China reported to decline financing for final stage of Kenya’s modern railway

The government of Kenya has again failed to secure $3.6bn in financing that had been expected from China to finish a cross-country standard gauge railway extending from the busy port of Mombasa inland to landlocked Uganda, say reports.

President Uhuru Kenyatta had gone to Beijing asking for half of the money to be given as a grant, with the rest being a loan with soft conditions, but China declined and repeated a request for "sufficient proof of viability" for the scheme, sources told newspaper The Daily Nation. 

State-owned giant China Communications Construction Company (CCCC) finished the line from Mombasa to the capital Nairobi in May 2017, and is scheduled to finish a second leg from Nairobi north to Navaisha this summer, but the planned third leg from Navaisha to the Victoria Lake port of Kisumu, and onward to Uganda, now looks in doubt.

It was "a slap in the face for Nairobi", commented the Nation, which separately cited "infrastructure economic experts" terming the now-truncated line as "a railway to nowhere", for which Kenyan taxpayers are due to start paying "0.7 per cent of the economy" to repay Chinese loans for the first legs starting in June 2019.

The Kenyan government responded to the reports published 26 April with a statement denying that the issue of funding the extension to Kisumu had ever been on the agenda of the meeting between Kenyatta and Chinese President Xi Jinping.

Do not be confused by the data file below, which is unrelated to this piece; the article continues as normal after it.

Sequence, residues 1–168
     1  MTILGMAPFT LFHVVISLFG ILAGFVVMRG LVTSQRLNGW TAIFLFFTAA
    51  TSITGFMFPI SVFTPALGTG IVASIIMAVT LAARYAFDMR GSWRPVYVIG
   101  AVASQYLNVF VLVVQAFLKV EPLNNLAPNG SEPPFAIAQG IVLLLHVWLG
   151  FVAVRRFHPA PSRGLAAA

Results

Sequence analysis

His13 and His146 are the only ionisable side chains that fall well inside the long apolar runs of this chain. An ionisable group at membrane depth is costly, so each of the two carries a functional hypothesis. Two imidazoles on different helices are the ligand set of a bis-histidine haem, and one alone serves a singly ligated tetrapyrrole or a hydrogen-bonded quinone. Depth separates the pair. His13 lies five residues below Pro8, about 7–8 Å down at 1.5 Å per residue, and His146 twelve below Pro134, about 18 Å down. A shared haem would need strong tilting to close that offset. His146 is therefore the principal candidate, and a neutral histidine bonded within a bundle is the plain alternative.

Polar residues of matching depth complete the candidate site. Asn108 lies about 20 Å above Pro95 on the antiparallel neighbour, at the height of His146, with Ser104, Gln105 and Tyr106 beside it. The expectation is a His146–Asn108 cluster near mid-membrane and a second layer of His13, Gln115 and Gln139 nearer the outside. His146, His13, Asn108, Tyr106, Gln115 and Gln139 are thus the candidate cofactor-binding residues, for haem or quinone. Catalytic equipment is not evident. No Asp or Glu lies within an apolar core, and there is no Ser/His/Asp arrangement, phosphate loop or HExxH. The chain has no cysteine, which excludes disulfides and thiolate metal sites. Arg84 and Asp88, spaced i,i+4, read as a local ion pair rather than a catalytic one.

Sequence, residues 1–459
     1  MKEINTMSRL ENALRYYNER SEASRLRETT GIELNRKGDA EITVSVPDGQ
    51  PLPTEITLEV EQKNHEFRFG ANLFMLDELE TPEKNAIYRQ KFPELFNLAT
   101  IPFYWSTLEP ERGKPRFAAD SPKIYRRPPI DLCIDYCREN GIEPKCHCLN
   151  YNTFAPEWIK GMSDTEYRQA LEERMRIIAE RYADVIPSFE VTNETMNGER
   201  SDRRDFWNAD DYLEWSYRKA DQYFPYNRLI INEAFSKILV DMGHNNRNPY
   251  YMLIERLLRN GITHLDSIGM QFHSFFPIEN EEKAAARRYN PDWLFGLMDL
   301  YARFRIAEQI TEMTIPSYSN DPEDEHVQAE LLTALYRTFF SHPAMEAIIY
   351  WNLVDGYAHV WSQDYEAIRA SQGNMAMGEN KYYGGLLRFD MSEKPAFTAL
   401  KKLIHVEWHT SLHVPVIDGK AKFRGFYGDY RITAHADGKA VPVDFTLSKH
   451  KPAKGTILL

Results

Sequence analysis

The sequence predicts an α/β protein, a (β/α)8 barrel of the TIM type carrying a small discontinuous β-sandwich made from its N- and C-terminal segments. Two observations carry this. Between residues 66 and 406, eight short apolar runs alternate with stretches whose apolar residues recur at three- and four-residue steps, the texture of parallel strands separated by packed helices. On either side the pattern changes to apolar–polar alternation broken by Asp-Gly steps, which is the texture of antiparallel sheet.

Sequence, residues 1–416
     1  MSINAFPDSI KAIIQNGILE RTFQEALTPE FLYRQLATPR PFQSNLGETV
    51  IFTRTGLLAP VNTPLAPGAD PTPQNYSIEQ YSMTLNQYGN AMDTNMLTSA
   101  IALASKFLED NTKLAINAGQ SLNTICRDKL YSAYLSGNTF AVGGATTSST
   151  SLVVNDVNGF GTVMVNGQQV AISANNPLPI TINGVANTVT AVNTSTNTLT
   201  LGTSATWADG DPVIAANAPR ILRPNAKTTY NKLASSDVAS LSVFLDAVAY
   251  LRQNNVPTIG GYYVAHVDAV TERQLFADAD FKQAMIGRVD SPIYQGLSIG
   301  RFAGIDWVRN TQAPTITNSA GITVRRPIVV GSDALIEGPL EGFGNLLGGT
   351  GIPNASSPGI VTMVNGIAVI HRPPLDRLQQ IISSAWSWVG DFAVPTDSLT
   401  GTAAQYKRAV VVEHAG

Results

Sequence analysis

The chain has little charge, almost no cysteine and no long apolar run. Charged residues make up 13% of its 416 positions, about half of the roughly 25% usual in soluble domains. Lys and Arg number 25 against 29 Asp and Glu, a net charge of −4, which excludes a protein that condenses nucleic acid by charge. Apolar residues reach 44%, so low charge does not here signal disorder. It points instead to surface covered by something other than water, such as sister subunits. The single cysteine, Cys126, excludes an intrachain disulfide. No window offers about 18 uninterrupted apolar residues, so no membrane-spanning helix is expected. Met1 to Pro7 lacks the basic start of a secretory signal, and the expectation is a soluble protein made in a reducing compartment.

At the same time, Kenya’s transport cabinet secretary James Macharia said the new, standard gauge railway to Naivasha would now be linked to the old metre-gauge line to Kisumu.

In 2016, CCCC was awarded contracts to build all three phases, plus a new port at Kisumu, but China’s reluctance to fund the long-planned third leg emerged in the media in September last year.  

China has come under critical international scrutiny for its policy of infrastructure lending, which has increased indebtedness in some developing countries.

Media report that while the Mombasa-Nairobi link carried 2.6 million passengers since its opening, it made a loss of some $98m in its first year.

President Kenyatta did return from Beijing with other infrastructure deals, however.

Described as public-private-partnerships, they include Chinese financing for the construction of the Waiyaki Way-Jomo Kenyatta International Airport expressway, the expansion of the Northern bypass, and the construction and maintenance of the Konza data centre and smart cities project.

Image: Standard gauge tracking laying in Kenya (CCCC via Facebook)

See also:

Story for GCR? Get in touch via email: [email protected]


  1. Is it a take over game

Comments are closed.

Latest articles in News